Perhaps the biggest advantage of this fishing style is that your casts are very pointed.  You are casting to fish and not casting blind.  If there is a disadvantage at times, you spend a lot more time scanning and looking.  The fishing becomes slowed down and more methodical which shines when you are on fish but can work against you when you are not on fish.  An aspect of this technology that has really opened my eyes and made me understand fish better is just how fast fish move.  When fish are active and move through a location, they often are moving faster than I can walk.


What also has been eye opening is how far fish will travel at times to hit a lure.  This information has really help me find the right colors or profiles and sometimes even the right jigging cadence.  I used to envision that the right color sealed the deal when a fish was right next to the bait but I am realizing that the right color is often about getting seen from far enough away to trigger an acceleration where the fish comes to investigate from further away.  If you can do enough things right where some fish are traveling more than twenty feet to hit your lure, you are essentially fishing more water and contacting more fish.

Another eye-opening phenomenon is just how far fish will follow the lure.  Some fish are clearly interested and simply chase the lure, turning around the lure and just can’t find the right opportunity to eat or the fish simply miss the lure.  Many fish will hit the lure right below the boat after following for a considerable distance.  In fact, if you are spot locked on a location and casting glide baits around the boat, you will accumulate fish below the boat as times goes on.   A good one-two punch where you can use multiple lines is to simply set a slip bobber next to the boat or hang a chub or sucker minnow over the side.

Now we could back troll these locations in the past and of course we could anchor but anchoring in thirty feet of water in big winds and keeping your boat parked over a location the size of a two-car garage was extremely difficult.  Spot lock in conjunction with the Dakota Lithium have opened a whole new world of fishing opportunities that shine during the fall.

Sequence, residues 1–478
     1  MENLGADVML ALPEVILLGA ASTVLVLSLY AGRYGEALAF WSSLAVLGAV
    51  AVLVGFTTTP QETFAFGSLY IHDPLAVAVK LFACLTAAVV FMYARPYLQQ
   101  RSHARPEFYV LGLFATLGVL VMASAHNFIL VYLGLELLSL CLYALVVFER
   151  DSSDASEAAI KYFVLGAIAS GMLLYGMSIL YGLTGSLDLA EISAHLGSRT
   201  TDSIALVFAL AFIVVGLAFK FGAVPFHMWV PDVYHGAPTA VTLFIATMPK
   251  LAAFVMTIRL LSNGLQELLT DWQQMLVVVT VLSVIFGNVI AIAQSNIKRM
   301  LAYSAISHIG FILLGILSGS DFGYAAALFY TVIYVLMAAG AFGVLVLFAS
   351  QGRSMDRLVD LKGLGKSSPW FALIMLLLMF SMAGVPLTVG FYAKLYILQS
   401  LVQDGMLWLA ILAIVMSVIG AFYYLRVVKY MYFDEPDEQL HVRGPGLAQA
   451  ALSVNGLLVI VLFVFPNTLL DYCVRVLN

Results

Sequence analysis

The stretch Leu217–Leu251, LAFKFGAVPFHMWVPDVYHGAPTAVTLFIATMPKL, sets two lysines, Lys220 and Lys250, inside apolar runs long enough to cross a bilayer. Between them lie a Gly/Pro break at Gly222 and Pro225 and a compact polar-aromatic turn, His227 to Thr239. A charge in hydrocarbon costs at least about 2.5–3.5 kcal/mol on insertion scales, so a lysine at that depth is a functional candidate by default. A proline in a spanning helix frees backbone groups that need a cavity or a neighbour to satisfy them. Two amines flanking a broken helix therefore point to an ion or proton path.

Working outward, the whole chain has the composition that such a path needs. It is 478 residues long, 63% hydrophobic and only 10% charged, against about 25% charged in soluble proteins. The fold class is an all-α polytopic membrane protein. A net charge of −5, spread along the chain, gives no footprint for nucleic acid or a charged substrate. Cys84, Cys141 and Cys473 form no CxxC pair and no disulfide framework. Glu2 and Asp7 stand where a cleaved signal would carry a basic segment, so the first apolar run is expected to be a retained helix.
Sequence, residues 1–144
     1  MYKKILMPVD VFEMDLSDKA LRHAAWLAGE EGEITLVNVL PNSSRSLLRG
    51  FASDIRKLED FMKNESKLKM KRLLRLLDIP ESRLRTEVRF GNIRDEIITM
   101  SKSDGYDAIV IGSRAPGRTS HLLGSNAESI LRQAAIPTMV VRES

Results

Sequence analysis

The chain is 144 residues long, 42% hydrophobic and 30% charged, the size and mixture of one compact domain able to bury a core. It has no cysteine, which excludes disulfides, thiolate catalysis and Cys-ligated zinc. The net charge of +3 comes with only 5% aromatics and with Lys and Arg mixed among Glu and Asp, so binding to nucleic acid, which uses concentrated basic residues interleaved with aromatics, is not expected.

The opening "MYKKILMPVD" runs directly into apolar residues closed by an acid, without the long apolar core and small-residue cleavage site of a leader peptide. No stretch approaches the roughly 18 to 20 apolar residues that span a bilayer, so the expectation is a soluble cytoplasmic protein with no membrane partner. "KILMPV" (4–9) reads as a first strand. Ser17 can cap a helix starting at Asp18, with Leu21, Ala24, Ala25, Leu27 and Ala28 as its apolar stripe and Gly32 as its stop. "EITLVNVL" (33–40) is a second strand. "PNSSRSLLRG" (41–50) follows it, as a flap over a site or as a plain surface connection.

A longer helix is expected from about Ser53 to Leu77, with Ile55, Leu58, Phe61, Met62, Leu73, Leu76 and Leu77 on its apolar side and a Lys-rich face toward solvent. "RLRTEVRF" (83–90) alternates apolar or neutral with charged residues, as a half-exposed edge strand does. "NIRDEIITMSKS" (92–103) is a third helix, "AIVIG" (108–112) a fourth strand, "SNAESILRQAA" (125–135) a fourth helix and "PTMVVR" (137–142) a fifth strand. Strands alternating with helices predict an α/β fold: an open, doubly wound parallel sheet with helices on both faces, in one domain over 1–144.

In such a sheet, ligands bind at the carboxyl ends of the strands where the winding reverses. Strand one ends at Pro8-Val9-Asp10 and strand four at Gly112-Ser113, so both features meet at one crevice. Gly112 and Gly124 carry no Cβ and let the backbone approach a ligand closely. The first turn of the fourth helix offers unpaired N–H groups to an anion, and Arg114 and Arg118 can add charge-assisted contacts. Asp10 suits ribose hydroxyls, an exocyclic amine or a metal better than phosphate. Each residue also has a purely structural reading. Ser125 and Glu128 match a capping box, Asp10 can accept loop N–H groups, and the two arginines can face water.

Now here is a disclaimer.  Don’t try this under a big bridge or under something overhead that blocks your GPS/ Satellite connection… you will find that you will have to go old school in a hurry.

You can fish without this new equipment and technology and we did so for years but there is no doubt that using these tools correctly can help you catch more and bigger fish.  There is a learning curve with using this equipment.  There is a learning curve with using glide baits.  Some people don’t have confidence with this yet but I will tell you that if you can learn this tactic, you are going to catch fish.  If there is one common mistake, I see with people trying to unsuccessfully catch walleye on glide baits, that mistake would be not fishing the baits aggressively enough.  Snap the rod so hard you can hear it and let the lure glide back towards bottom on a slack line.  Many fish will pin the lure on the bottom so each time you snap the rod could be a potential hook set and hook up.  Try to work from shallow to deep so that the bait is dropping down into deeper water on your retrieve and you will get way fewer snags.

This overall pattern really starts to happen come mid-summer on many lakes and reservoirs and only seems to get better as we get into the fall.

About the author: Jason Mitchell was a full time guide on North Dakota’s Devils Lake for several years and now produces the outdoor television show, Jason Mitchell Outdoors which has had some of the highest raw Nielsen ratings on Bally Sports North for outdoor programming.  JMO reaches nearly six million households a week.  In 2016, Jason Mitchell was inducted into the North Dakota Fishing Hall of Fame and is credited with developing and pioneering many walleye and ice fishing products over his career.